The villagers could purchase goods from HUL and resell them to customers with this money, making money and creating jobs for themselves. This action also expanded the company’s product reach.

Additionally, this allowed HUL to grow faster than the industry. HUL’s rural growth in the shampoo market was 15–16 percent, compared to the urban growth rate of only 4-5 percent. Similar to this, the skincare market saw only 7-8 percent growth in urban areas compared to 14 percent growth in rural areas.

Project Bharat’s success provided important insights into overcoming market entry barriers and establishing brand presence by demonstrating the effectiveness of direct consumer engagement and educational marketing in rural areas.

HUL Project Shakti

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Project Shakti was a unique CSR and marketing campaign that HUL launched in 2001 with the goal of empowering rural women and broadening its customer base. As part of this project, HUL partnered with self-help groups to provide women with the opportunity to distribute their products in their local communities. Some of Project Shakti’s main features and effects are:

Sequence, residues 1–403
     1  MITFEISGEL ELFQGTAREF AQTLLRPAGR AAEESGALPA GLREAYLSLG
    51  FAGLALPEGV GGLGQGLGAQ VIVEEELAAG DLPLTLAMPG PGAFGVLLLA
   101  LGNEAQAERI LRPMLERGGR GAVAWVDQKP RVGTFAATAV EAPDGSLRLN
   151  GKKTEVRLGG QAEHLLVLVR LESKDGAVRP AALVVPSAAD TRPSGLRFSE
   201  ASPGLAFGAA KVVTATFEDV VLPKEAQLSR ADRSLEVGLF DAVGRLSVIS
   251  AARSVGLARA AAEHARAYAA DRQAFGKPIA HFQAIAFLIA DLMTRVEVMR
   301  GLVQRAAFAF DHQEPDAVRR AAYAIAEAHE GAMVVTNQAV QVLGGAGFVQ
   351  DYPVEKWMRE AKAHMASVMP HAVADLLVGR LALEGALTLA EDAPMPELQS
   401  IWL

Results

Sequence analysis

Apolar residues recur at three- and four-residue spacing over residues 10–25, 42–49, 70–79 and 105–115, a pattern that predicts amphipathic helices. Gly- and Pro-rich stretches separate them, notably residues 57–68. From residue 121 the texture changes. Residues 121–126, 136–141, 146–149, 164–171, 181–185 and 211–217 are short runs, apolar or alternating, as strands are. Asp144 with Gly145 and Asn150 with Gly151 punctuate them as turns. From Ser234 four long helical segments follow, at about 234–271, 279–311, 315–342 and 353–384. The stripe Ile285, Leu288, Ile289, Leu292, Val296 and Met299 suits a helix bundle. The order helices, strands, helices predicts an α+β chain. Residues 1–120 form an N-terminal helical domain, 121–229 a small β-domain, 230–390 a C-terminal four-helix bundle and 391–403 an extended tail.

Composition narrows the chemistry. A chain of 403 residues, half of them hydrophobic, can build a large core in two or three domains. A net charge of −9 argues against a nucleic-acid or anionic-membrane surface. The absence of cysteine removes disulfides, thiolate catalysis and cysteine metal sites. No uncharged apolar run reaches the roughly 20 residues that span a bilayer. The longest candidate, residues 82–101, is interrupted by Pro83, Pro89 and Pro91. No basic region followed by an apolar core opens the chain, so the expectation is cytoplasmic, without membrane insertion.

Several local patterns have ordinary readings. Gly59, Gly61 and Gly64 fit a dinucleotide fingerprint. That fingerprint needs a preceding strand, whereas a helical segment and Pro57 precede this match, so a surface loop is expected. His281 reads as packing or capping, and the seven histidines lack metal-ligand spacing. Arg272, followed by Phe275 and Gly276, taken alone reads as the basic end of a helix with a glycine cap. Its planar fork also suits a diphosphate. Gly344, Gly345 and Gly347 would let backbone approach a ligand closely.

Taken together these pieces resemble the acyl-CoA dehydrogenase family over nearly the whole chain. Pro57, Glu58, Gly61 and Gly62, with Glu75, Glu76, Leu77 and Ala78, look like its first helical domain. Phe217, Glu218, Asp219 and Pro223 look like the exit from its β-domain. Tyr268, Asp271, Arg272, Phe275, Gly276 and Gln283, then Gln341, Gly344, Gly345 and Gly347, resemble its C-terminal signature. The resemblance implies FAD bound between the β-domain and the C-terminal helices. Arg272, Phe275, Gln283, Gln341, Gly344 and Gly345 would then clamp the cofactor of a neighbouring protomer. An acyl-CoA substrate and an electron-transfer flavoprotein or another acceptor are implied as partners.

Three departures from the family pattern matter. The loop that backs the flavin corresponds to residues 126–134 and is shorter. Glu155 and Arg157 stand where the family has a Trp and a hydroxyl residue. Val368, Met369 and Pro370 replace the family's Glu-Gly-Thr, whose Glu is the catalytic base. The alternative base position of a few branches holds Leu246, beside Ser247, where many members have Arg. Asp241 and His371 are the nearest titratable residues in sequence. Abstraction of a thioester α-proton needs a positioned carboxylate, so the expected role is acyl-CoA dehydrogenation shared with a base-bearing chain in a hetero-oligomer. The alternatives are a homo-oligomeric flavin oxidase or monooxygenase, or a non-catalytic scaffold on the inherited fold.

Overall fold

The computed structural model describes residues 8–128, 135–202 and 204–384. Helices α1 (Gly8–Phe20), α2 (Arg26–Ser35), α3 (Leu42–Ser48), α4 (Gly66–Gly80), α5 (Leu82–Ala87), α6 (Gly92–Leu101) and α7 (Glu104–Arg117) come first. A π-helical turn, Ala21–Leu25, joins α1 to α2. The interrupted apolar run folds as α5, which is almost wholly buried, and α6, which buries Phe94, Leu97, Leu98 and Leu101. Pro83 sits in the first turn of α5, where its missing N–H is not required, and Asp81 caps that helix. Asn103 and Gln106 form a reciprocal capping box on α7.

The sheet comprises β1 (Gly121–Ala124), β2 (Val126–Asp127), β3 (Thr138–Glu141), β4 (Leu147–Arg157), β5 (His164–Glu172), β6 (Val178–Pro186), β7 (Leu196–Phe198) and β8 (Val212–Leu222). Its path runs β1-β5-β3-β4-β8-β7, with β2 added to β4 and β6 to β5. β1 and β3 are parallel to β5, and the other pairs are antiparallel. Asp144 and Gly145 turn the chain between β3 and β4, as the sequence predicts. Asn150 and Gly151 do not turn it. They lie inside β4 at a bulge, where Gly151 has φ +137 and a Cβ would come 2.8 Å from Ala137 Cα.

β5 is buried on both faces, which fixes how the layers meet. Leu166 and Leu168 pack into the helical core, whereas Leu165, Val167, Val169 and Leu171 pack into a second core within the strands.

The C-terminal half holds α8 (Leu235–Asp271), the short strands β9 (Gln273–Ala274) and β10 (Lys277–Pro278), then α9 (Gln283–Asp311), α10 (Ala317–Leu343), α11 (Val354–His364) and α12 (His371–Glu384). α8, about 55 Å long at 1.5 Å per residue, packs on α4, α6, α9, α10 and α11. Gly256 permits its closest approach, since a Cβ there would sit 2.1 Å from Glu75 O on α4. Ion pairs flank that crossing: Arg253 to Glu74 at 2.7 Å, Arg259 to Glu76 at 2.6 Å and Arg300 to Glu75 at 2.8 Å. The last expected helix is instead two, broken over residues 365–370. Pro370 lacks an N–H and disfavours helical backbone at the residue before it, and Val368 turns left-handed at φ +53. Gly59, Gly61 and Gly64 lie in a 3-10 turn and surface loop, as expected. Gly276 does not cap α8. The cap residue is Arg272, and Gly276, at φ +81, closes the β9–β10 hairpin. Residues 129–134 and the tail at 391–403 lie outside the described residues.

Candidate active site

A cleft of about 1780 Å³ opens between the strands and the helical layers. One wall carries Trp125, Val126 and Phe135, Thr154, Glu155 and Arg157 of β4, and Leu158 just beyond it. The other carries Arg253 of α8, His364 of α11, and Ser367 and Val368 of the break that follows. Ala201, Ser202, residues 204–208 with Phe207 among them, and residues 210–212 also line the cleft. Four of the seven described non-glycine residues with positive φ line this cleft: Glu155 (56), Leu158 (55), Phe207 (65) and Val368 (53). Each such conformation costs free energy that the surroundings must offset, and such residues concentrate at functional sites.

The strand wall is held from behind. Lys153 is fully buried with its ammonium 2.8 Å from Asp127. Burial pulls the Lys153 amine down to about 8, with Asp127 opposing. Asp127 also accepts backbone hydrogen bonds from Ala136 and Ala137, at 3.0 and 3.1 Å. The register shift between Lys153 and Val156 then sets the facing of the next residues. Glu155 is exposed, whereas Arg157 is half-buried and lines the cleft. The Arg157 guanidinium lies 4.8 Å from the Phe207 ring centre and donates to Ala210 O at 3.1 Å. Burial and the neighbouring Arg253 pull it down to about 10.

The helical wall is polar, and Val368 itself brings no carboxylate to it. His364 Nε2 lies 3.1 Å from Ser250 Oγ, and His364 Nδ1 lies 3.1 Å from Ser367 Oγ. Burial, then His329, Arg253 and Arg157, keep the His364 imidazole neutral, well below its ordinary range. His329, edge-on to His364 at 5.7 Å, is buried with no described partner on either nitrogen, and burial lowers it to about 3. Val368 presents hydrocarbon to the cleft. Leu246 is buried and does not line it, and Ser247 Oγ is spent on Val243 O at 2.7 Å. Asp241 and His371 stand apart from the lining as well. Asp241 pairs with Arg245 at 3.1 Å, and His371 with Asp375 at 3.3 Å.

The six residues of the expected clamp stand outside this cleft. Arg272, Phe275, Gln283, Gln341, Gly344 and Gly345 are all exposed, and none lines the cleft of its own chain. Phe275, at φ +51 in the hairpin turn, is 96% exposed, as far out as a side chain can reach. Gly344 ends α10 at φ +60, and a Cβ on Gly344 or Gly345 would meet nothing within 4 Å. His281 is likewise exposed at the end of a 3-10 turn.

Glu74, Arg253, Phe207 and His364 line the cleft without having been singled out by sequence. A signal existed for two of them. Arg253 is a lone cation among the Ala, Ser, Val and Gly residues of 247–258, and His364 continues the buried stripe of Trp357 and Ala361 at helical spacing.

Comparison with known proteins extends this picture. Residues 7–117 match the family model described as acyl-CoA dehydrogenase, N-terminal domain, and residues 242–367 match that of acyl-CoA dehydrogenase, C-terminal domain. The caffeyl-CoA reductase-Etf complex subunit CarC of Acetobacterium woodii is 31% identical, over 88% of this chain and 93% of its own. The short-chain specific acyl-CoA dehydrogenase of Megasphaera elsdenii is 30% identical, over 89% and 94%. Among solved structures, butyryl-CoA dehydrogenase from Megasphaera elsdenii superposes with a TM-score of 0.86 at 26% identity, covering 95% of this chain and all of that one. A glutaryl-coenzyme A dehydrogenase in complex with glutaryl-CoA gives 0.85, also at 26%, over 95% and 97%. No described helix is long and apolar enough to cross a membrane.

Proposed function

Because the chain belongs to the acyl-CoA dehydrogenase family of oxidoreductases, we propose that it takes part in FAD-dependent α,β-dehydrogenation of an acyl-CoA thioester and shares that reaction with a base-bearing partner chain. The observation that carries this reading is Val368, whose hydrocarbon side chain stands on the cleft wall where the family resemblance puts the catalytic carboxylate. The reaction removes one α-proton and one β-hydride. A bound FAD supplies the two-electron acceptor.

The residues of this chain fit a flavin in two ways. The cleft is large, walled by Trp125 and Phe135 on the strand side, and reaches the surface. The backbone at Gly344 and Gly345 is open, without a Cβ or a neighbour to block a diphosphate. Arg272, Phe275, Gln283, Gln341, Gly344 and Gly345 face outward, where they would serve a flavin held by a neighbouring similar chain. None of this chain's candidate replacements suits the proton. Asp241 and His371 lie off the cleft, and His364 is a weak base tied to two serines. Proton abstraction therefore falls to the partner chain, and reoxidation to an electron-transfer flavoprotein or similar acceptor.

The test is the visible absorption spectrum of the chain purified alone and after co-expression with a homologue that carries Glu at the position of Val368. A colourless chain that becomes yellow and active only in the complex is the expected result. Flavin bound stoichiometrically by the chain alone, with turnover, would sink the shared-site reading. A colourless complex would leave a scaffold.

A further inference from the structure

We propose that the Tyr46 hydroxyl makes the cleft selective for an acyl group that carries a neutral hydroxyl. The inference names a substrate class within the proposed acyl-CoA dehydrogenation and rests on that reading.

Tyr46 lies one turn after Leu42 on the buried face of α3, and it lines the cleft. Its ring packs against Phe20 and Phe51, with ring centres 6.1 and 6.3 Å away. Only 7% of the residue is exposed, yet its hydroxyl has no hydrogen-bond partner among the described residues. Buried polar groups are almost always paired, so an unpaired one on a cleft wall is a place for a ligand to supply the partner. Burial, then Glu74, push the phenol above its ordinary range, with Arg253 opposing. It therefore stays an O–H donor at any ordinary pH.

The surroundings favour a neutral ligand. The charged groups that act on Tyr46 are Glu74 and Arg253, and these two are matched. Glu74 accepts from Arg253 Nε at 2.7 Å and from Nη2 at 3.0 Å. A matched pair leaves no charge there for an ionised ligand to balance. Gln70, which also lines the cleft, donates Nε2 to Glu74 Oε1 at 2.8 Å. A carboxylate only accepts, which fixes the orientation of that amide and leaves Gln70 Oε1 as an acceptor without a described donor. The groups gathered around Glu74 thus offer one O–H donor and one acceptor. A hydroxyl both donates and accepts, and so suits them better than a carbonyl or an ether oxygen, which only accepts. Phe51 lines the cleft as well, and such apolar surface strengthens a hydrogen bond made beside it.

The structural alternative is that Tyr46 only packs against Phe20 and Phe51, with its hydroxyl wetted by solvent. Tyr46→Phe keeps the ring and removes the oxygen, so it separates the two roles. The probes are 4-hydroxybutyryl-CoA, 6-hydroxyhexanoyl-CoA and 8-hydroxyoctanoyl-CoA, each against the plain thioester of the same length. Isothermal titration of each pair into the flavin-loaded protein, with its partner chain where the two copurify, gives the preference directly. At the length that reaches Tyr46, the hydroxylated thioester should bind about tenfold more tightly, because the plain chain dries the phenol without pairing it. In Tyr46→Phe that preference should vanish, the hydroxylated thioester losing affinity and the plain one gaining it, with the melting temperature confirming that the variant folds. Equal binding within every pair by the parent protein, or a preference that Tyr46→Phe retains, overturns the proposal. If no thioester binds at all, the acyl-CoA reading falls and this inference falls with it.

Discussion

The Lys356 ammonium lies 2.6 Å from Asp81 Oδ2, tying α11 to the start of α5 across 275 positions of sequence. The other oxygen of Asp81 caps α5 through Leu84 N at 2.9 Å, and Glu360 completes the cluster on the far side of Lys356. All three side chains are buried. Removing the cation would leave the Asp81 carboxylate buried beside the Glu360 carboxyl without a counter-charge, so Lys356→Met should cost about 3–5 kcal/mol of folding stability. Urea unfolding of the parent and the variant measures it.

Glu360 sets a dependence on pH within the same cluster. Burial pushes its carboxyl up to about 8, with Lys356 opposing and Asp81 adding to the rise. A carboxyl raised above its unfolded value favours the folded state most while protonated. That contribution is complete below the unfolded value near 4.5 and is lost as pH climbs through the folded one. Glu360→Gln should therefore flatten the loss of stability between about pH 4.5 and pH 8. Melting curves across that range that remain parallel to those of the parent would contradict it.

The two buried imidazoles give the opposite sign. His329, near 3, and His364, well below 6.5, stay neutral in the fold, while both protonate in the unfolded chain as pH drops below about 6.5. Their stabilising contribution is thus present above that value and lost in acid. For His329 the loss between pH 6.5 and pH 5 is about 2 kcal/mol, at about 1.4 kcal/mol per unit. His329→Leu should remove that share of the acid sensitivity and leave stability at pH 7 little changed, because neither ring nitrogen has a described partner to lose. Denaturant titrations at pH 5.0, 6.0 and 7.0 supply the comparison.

1. Entrepreneurial Empowerment: Project Shakti gave women chances to earn money, which improved their standing in their communities and gave them financial independence.
  2. Increased Market Reach: By implementing this programme, HUL was able to reach previously unreachable remote rural markets, expanding its customer base.
  3. Sustainable Business Model: Project Shakti created a win-win situation where rural women found sustainable employment while HUL benefited from the increased distribution and sales of its products.

Project Shakti is a prime example of how corporate objectives can be effectively combined with social empowerment.

HUL Lifebuoy Swasthya Chetna

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Another initiative by HLL, called “Lifebuoy Swasthya Chetna,” was introduced in 2002. Its goal is to raise awareness about hygiene and good health among 5 crore people living in 15,000 villages across ten states.

Hindustan Unilever Limited launched Lifebuoy Swasthya Chetna, an inventive fusion of corporate social responsibility and public relations that aims to raise health and hygiene awareness in rural India. This programme effectively educates the public about the value of handwashing with soap to prevent disease by leveraging the company’s well-known Lifebuoy brand, which is associated with health and hygiene. This campaign’s strategic genius resides in its dual goals of enhancing public health and establishing Lifebuoy as a brand that genuinely cares about the wellbeing of its customers.